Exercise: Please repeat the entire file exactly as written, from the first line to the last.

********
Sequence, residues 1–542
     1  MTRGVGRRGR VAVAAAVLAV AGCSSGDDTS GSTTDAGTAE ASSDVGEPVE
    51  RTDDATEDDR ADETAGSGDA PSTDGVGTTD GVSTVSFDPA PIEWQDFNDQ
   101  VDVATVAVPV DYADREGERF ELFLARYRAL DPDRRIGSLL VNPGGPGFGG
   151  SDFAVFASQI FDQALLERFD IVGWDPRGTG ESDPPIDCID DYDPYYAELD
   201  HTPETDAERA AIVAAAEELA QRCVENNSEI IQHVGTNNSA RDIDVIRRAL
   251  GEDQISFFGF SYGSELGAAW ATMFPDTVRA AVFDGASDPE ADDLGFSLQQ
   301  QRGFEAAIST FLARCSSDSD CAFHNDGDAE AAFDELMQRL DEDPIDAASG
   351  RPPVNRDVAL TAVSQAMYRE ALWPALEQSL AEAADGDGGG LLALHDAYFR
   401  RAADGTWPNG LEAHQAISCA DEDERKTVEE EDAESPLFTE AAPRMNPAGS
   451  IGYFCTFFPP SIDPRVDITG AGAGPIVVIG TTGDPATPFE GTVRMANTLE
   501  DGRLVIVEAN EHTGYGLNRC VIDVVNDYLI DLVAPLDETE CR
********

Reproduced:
Sequence, residues 1–542
     1  MTRGVGRRGR VAVAAAVLAV AGCSSGDDTS GSTTDAGTAE ASSDVGEPVE
    51  RTDDATEDDR ADETAGSGDA PSTDGVGTTD GVSTVSFDPA PIEWQDFNDQ
   101  VDVATVAVPV DYADREGERF ELFLARYRAL DPDRRIGSLL VNPGGPGFGG
   151  SDFAVFASQI FDQALLERFD IVGWDPRGTG ESDPPIDCID DYDPYYAELD
   201  HTPETDAERA AIVAAAEELA QRCVENNSEI IQHVGTNNSA RDIDVIRRAL
   251  GEDQISFFGF SYGSELGAAW ATMFPDTVRA AVFDGASDPE ADDLGFSLQQ
   301  QRGFEAAIST FLARCSSDSD CAFHNDGDAE AAFDELMQRL DEDPIDAASG
   351  RPPVNRDVAL TAVSQAMYRE ALWPALEQSL AEAADGDGGG LLALHDAYFR
   401  RAADGTWPNG LEAHQAISCA DEDERKTVEE EDAESPLFTE AAPRMNPAGS
   451  IGYFCTFFPP SIDPRVDITG AGAGPIVVIG TTGDPATPFE GTVRMANTLE
   501  DGRLVIVEAN EHTGYGLNRC VIDVVNDYLI DLVAPLDETE CR